Amemar raised the question: Would they similarly make the ordinance enacted for the benefit of a robbed person extend also to the case of an informer or not? According to the view9 that we should not give judgment [against the defendant] in cases where the damage was [not actually done but] merely caused [by him],10 there could be no question that also against informers we should not give judgment. But the question could still be raised according to the view that we should give judgment [against the defendant even] in cases where the damage was [not actually done but effectively and directly] caused by him.10 Would the judges make the ordinance enacted for the benefit of a robbed person extend also to the case of an informer so that the plaintiff would by taking an oath [as to the exact amount of his loss] be paid accordingly, or should this perhaps not be so? — Let this remain undecided.
A certain man kicked another's money-box into the river. The owner came [into Court] and said: 'So much and so much did I have in it.' R. Ashi was sitting and pondering on it: What should be the law in such a case? — Rabina said to R. Aha the son of Raba, or, as others report, R. Aha the son of Raba said to R. Ashi: Is this not exactly what was stated in the Mishnah? For we learnt: 'THE SAGES AGREE WITH R. JUDAH IN THE CASE OF ONE WHO SET FIRE TO A CASTLE, THAT PAYMENT SHOULD BE FOR ALL THAT WAS KEPT THEREIN, AS IT IS SURELY THE CUSTOM OF MEN TO KEEP [VALUABLES] IN [THEIR] HOMES. [Is this not equivalent to the case in hand?]11 — He, however, said to him: If he would have pleaded that he had money there, it would indeed have been the same.11 But we are dealing with a case where he pleads that he had jewels there. What should then be the legal position? Do people keep jewels in a money-box or not? — Let this remain undecided.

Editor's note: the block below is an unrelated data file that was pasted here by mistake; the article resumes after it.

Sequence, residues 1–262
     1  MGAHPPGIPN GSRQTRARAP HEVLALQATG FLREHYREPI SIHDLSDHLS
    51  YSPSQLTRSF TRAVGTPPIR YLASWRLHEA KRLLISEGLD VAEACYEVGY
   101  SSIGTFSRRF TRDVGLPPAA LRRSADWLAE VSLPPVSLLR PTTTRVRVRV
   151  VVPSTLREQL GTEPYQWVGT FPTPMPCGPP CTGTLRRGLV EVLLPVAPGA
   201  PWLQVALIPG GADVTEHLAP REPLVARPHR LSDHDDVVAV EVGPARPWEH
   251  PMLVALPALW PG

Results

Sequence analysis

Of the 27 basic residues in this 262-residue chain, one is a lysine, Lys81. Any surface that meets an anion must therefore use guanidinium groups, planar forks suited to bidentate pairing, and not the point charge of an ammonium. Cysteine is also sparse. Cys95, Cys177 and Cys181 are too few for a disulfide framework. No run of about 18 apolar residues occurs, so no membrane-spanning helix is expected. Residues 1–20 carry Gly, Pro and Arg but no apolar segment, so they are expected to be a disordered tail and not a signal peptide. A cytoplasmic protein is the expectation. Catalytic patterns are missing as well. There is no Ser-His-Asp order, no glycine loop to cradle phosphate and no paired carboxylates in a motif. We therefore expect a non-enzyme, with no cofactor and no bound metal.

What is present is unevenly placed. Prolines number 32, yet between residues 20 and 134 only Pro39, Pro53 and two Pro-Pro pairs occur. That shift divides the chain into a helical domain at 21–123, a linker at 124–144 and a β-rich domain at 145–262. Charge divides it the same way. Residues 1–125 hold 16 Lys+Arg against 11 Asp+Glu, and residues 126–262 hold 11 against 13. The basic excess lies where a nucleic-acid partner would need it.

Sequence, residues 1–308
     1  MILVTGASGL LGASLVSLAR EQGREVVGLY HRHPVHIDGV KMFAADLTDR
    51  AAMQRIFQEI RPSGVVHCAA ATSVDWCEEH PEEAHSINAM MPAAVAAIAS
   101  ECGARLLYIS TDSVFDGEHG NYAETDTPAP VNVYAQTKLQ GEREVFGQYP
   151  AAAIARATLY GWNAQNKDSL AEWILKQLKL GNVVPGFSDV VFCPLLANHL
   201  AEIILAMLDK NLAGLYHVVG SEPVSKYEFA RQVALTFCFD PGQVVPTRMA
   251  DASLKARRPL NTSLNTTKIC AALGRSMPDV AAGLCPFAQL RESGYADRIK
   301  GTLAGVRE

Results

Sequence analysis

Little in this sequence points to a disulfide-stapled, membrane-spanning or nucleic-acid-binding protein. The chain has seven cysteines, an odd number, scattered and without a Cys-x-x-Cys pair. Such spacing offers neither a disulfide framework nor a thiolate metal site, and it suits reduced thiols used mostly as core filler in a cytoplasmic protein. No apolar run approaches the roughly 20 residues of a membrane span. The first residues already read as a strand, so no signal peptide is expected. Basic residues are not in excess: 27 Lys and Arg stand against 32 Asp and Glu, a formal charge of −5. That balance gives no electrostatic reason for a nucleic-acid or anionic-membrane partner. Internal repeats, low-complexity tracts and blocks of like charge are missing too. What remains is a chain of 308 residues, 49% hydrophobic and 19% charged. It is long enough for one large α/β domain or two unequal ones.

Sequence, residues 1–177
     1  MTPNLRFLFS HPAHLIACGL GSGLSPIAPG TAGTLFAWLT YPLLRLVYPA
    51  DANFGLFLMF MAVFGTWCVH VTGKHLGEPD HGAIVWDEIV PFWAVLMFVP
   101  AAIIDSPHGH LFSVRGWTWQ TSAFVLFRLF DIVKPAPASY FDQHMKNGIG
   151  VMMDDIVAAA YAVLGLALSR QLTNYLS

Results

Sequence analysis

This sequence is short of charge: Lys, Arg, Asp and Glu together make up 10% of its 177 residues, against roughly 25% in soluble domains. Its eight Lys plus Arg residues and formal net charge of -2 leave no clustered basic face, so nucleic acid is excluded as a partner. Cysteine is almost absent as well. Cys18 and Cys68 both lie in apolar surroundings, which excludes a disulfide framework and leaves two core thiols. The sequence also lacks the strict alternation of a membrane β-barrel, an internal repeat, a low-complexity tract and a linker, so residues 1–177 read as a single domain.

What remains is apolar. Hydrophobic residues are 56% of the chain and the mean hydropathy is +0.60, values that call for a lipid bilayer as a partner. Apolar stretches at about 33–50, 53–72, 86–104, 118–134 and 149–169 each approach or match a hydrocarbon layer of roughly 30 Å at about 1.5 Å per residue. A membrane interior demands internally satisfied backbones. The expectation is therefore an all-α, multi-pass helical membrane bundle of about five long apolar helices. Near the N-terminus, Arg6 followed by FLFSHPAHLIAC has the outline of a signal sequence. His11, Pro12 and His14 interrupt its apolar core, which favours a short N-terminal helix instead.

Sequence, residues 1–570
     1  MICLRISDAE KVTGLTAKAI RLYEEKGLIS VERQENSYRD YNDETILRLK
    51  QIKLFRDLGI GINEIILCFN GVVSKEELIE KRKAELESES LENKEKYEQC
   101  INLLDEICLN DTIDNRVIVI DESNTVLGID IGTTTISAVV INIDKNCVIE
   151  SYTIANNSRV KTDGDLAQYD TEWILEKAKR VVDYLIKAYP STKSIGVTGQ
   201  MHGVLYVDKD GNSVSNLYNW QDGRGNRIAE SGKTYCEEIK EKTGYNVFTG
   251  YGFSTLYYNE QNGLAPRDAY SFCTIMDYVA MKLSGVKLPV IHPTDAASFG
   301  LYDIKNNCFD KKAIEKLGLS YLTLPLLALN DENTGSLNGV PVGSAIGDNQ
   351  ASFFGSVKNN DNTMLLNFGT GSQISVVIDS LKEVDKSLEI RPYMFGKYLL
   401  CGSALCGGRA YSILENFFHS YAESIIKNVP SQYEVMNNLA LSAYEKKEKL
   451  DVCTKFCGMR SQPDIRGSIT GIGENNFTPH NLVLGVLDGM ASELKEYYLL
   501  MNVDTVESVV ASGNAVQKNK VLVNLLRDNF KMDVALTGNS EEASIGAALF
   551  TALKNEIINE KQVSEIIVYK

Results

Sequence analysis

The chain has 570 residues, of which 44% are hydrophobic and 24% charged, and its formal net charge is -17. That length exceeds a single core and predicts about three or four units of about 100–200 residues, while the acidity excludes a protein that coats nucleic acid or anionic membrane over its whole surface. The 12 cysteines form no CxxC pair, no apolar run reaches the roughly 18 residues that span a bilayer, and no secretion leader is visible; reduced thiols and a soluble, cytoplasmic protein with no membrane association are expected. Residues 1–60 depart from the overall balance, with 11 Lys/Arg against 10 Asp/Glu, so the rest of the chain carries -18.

R. Yemar said to R. Ashi: If he pleads that he had silver cups in the castle [which was burnt], what would be the law? — He answered him: We consider whether he was a wealthy man who was [likely] to have silver cups, or whether he was a trustworthy man with whom people would deposit such things. [If he is,] he would be allowed to swear and be reimbursed accordingly, but if not, he would not be believed [in his allegations without corroborative evidence].
R. Adda the son of R. Iwya said to R. Ashi: What is the [practical] difference between gazlan12 and hamsan?13 — He replied: A hamsan [one who expropriates forcibly] offers payment [for what he takes], whereas a gazlan does not make payment. The other rejoined: If he is prepared to make payment, how can you call him hamsan? Did R. Huna not say14 that [even] where the vendor was [threatened to be] hanged [unless he would agree] to sell, the sale would be a valid sale?15 — This, however, is no contradiction, as in that case, the vendor did [finally]16 say 'I agree', whereas here [in the case of hamsan] he never said 'I agree'.17